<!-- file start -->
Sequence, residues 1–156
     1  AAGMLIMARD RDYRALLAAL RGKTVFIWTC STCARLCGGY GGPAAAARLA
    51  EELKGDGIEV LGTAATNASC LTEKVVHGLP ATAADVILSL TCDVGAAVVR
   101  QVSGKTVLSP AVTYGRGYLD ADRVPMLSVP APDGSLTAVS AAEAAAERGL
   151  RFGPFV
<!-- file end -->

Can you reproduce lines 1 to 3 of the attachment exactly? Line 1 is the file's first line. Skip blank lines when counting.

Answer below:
Sequence, residues 1–156
     1  AAGMLIMARD RDYRALLAAL RGKTVFIWTC STCARLCGGY GGPAAAARLA
    51  EELKGDGIEV LGTAATNASC LTEKVVHGLP ATAADVILSL TCDVGAAVVR